by Ken Ikeda, Executive Director

Truthfully, 2009 was a blur. BAVC seemed to sprint through the year, guided by a new strategic plan that emphasizes: the promotion of online learning and media management; timely innovation and knowledge dissemination; diversification of public broadcasting and public media, best practices and evaluation; and strengthening of the media and technology capacity of nonprofit/governmental organizations. The multi-year framework of our new plan has provided us a foundation from which to manage our continuous change efforts and to balance the need to rebuild our internal capacity and infrastructure with a strategic effort to reposition BAVC's value as an organization.

We can look back at 2009 and recognize that we are now a very different organization from just a year ago. Amidst the worst economic downturn of our lifetime, we were forced to gain a better understanding of ourselves. Why do we do this work? What makes us relevant? Why BAVC? The mission statement that ended 2008 and launched 2009 provided a reminder and renewed focus on why we do the work we do - to inspire social change by enabling the sharing of diverse stories through art, education and technology. We believe stories transform lives, promote understanding, and celebrate experience. We also believe that stories can organize movements, create proximity to issues, and translate emotion to engagement and investment in social change. For these reasons, media literacy and an understanding of media's capacity to change are basic social competencies in support of meaningful participation in today's society and the workplace. It is why media training is valuable to companies as different as Safeway and Apple. It is why our Next Gen youth programs continue to manage lengthy wait lists. And it is why BAVC was pulled into conversation with federal agencies as diverse as the Federal Communications Commission and the National Science Foundation.

It is why in just three short years, BAVC's Producers Institute for New Media Technologies has extended its reach beyond the Bay Area to presentations in Australia, New Zealand, the UK, and a standing place within Sundance Film Festival's New Frontier panels. The United Nations sought our consultation to assist NGO's to strategize on new media initiatives, and we continue to prepare for the launch of a New York City-based Producers Institute. We expanded our reach in 2009, but our focus has never been clearer.

Being Connected

Our Next Generation programs for youth began over twelve years ago and while thousands of at-risk young people have benefited from our work, we sometimes forget how far our investment in the lives of participants extends.

Anais Kane, a recent graduate of BUMP Records is a freshman at the Clive Davis School of Recorded Music at New York University. In October, we learned that she was in a financial bind that threatened her ability to remain in school and pay for her living space. There was a tremendous response on behalf of this remarkably determined young woman, who had lived in France, Ireland, and Senegal before joining our family in Oakland, CA. Staff pooled resources to support her daily food and transportation needs and we collectively reached out to our networks to find her additional employment. NYU revised her scholarship and loan terms, relieved some expenses, and the National Black Programming Consortium (NPBC) hired Anais. To our friends at NBPC, we'll get you back. And thank you.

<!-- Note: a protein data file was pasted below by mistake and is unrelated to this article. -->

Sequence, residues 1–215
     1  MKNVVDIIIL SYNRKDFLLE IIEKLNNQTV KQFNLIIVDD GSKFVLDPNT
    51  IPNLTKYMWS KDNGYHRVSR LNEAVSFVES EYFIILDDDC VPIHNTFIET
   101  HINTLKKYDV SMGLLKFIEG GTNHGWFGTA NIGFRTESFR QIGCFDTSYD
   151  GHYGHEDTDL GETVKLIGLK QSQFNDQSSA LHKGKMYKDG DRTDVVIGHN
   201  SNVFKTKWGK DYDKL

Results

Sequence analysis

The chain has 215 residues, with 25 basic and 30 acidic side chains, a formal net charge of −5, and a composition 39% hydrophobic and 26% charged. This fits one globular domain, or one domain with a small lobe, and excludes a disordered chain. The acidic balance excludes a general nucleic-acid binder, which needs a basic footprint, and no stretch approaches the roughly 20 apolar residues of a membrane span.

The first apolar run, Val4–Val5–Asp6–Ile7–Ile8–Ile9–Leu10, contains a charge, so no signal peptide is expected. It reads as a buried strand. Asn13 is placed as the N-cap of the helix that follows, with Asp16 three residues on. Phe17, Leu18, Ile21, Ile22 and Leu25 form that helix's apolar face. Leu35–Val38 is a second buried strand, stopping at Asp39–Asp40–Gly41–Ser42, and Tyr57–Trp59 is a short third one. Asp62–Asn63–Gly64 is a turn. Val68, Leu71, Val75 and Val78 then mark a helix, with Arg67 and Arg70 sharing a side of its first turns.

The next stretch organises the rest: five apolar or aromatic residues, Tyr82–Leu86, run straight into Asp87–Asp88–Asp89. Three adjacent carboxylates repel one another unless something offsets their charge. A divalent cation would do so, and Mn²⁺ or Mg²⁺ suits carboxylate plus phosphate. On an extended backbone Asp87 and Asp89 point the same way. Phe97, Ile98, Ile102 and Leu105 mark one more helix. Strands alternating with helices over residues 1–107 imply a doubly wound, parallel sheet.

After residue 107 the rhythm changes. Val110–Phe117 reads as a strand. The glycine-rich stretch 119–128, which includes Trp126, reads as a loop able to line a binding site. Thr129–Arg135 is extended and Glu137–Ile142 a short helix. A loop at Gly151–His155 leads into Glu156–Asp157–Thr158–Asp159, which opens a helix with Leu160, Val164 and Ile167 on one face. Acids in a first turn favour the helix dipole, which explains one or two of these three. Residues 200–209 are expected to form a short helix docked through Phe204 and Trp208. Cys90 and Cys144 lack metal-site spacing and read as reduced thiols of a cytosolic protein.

We cannot overstate how critical it is that youth allow themselves to imagine life beyond their immediate environments and assume the risk of the journey. I marvel in their courage and ambition. And I am constantly grateful for the devotion of our staff.

Best practices in research have never valued the extra effort and investment of staff in feeding, driving home, asking friends for favors, and advocating on behalf of those whom we serve. Lasting relationships emerge from simple interactions at BAVC. I'd like to celebrate the commitment of the staff for caring that much and delivering, always. We're defining real-world best practices.

It's what we do. It's how we do. We're lucky to be doing the work we do.

New To The Line Up

In September of 2009, BAVC assumed operations of public access television in San Francisco. In short, we were intent on making "public media" for the public again. Its been at once transformative and challenging. We are learning as we go and we have perhaps never faced such a steep learning curve in such a short period of time. The facility renovations, the return to content production, the growth of the organization to a broader public, and the opportunity to function as a broadcaster has been invigorating. It has breathed new life into our programs and provided new opportunities for cross-departmental programming.

On the Verge

When a fifteen-year-old identifies him or herself as a poet, emcee, visual artist, scholar, activist and entrepreneur, I smile. How can they be so sure of themselves and put so much in front of themselves? I may never acquire that level of confidence, but as someone who has the fortune to boast about the diverse collection of people and programs that are BAVC, I can honestly say that we are on the verge of reaching a new organizational potential, with new value and in new communities. We're feeling confident in how we have evolved the past several years, and we are ready to walk the walk of ideas that have been driving us to this point. We are more than ready to deliver on our mission and on our community's investment in this organization.

Saying "Thank You" is never enough and so I hope that you will recognize our gratitude reflected in how we conduct our work, how we extend ourselves to honor our mission, and how we've learned answers to questions like "Why do we do this work? What makes us relevant? Why BAVC?"